Romania’s second city, Cluj-Napoca is the gateway to Transylvania. Originally a small Dacian settlement that expanded during the Roman era, Cluj-Napoca was a major commercial centre and an increasingly important medieval Saxon stronghold. Immigration from central Europe and trade links with many of the most influential cities of the region fuelled economic growth which, over time, resulted in grand building works and a reputation for being a centre for education and the arts. Today Cluj-Napoca is a vibrant university city of galleries and gardens, bars and cafes. It is home to the 15th century gothic St Michael’s Church and baroque Banffy Palace, both of which overlook Union Square, and a number of museums including the Cluj National Museum of Art and Ethnographic Museum of Transylvania.

Romanian flags flying outside of a building in Cluj Napoca

Photo credit: Nigel Swales

8. Suceava

Charming Suceava, once the capital of Moldova, is located in the far north-east of the country close to the astonishing UNESCO protected painted monasteries of the Bucovina region. Undeniable masterpieces of Byzantine art, the exterior walls of these monasteries are elaborately decorated with colourful 500 year old frescoes that depict everything from the life of Jesus and other key Bible scenes to portrayals of heaven and hell and illustrations of prominent saints and prophets. Three of the most important monasteries are Moldovita, Voronet and Sucevita (all a morning’s drive from Suceava). Moldovita’s frescoes show the Siege of Constantinople and the Tree of Jesse, those at Voronet are renowned for their quality and preservation whilst Sucevita has the largest number of paintings and a collection of priceless manuscripts.

Elegant murals of the Moldovita Monastery in Romania

Photo credit: Nicolas Vollmer

9. Constanta

Constanta is thought to be Romania’s oldest inhabited city. Settled by the ancient Greeks and conquered by the Romans, a wealthy Genoese trading outpost and long-term Ottoman settlement, Constanta’s prominence is linked to its coastal location overlooking the Black Sea. A considerable amount of Roman history remains to be discovered in Constanta – the city’s main square is named after the poet Ovid who was exiled to the city by the Emperor Augustus, there are a number of wonderfully preserved mosaics and an extensive collection of artefacts in both the National History and Archaeology Museum and the open-air Archaeological Park. Visit the Art Nouveau casino, St Peter and Paul Orthodox Cathedral and climb the minaret of the Great Mahmudiye Mosque for city-wide views.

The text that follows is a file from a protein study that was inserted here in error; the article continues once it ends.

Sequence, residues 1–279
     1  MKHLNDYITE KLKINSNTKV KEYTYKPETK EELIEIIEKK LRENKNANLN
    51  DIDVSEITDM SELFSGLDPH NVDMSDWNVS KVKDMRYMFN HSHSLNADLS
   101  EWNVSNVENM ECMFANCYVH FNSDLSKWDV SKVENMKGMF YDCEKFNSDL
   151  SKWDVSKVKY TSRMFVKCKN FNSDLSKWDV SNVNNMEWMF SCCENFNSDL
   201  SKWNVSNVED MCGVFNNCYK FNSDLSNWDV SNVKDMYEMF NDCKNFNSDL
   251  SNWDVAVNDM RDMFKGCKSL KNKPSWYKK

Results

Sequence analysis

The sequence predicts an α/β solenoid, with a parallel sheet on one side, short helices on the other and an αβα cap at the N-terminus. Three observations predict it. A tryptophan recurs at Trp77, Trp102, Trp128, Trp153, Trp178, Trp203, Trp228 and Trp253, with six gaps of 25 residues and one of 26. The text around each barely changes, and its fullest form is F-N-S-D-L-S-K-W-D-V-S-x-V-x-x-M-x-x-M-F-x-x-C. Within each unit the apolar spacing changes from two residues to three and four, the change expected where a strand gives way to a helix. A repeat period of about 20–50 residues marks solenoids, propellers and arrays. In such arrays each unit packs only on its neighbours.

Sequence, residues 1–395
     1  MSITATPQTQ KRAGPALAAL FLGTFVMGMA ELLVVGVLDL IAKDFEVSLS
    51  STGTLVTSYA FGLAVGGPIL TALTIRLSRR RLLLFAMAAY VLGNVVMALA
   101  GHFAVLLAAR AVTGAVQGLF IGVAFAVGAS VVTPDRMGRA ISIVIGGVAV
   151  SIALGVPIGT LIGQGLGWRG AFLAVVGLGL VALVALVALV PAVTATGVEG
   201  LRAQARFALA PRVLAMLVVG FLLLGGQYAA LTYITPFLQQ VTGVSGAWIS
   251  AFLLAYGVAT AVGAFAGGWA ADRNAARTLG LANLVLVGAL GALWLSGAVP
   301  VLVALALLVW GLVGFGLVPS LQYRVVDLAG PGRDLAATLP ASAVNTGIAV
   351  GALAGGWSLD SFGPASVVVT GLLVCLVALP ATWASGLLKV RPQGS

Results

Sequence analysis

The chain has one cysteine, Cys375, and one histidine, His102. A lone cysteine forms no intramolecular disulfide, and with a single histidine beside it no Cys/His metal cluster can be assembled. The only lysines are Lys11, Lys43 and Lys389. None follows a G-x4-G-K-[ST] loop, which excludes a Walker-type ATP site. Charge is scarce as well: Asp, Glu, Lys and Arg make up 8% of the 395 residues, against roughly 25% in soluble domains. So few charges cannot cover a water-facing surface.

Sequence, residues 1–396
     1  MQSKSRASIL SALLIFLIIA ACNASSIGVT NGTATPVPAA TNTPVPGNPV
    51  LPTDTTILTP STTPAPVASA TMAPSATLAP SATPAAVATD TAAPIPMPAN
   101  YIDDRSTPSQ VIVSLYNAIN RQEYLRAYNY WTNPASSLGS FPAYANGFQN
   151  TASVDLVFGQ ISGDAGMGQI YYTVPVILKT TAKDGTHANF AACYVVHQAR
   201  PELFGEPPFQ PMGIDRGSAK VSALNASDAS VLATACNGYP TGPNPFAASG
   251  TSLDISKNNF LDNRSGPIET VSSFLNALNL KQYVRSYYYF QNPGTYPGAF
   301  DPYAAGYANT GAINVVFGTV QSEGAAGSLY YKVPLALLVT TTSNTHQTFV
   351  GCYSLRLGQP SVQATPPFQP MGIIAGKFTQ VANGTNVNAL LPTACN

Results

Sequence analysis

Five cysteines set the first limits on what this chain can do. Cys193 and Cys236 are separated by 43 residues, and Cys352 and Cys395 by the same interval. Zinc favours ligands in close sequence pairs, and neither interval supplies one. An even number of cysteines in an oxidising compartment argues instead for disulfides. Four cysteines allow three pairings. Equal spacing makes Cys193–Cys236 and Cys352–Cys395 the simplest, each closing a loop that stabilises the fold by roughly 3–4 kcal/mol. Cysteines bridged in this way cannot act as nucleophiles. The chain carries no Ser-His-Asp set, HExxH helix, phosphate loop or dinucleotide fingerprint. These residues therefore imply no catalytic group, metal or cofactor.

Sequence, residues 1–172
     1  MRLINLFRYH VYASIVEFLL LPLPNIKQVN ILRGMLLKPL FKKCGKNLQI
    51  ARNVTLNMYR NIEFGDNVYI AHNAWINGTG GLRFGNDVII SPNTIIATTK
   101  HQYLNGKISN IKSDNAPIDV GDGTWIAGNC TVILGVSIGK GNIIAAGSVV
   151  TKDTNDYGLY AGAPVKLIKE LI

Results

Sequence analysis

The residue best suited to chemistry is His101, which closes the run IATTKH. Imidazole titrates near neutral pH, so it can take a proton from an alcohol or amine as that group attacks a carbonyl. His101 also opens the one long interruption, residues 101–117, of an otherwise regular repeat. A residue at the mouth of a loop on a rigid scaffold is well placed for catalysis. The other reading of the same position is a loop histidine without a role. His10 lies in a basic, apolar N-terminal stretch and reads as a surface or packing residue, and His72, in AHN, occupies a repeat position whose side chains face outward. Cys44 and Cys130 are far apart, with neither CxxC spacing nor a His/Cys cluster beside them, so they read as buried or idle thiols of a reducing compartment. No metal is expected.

Grand building in the central square of Constanta in Romania

10. Iasi

Iasi is an important provincial city. In modern-day Romania Iasi is known as a major cultural, literary and educational centre – it was here that the first Romanian newspaper was printed, the first university founded and the first theatre established. For centuries Iasi also played a prominent role in the trade of the wider region, benefitting from a location that allowed its merchants to tap into the affluent commercial routes between Poland, Hungary, Russia and the Ottoman Empire. Much of this wealth was invested back into the city – churches were built (Iasi is home to almost one hundred Orthodox churches), parks laid, palaces constructed and leafy avenues created. The opulent century-old Palace of Culture is a particular highlight and houses a library and four museums.

Vast frontage of the Iasi Palace of Culture in Romania

Photo credit: Andrei-Daniel Nicolae

11. Targu Mures

Elegant Targu Mures sits in the middle of Romania and the heart of Transylvania. For a city of a relatively small size, the architecture of Targu Mures is considered to be some of finest in Romania. This, in part, is a reflection of the distinct cultural heritage of the city (for centuries Targu Mures has been home to a large Hungarian population) and also the fact that since the medieval period the city has been a major centre for the arts and crafts. The most important building in Targu Mures is the Culture Palace, an Art Nouveau masterpiece completed in 1913, but also of interest is the baroque Apollo Palace, 17th century Palffy House and wooden orthodox church of St Michael.

Historic building in Targu Mures, Romania

Photo credit: Ruben Holthuijsen

12. Bistrita

Attractive Bistrita is one of Romania’s best preserved medieval towns. Established by Saxon settlers at the beginning of the 13th century, defensive walls, gateways and towers once surrounded Bistrita and although little of these remain today, the cobbled streets of the old town are home to a collection of charming pastel-coloured 15th and 16th century merchant homes. Explore the remnants of the original city walls, visit the 800 year old Orthodox Church and gothic Saxon Evangelical Church which overlooks Bistrita’s main square and take time to see some of the city’s most important medieval buildings. For literature buffs, Bistrita features in Bram Stoker’s novel ‘Dracula’ whilst, outside, of the town day trips can also be made to a number of traditional Saxon villages.

Beautiful tree-filled park in Bistrita, Romania

Photo credit: Cristian Bortes

13. Oradea

Little-visited Oradea is undeniably a hidden gem and, for centuries, has been one of the main gateways to the country. Located only a few miles from the Hungarian border and lining the banks of the Crisul Repede River, Oradea is a stately city best known for its grand Art Nouveau and baroque architecture – most of which dates to the period when the city was under Austrian rule. Places of interest here include Oradea Fortress, with its classic five-pointed star layout, the Bishop’s Palace, the Church of the Moon, the baroque Roman Catholic Cathedral and the Black Eagle Palace which is one of the best preserved Art Nouveau buildings in the city. Oradea also has a proud Jewish heritage and is home to one of the region’s oldest and most important Jewish communities.

Grand historic architecture in Oradea, Romania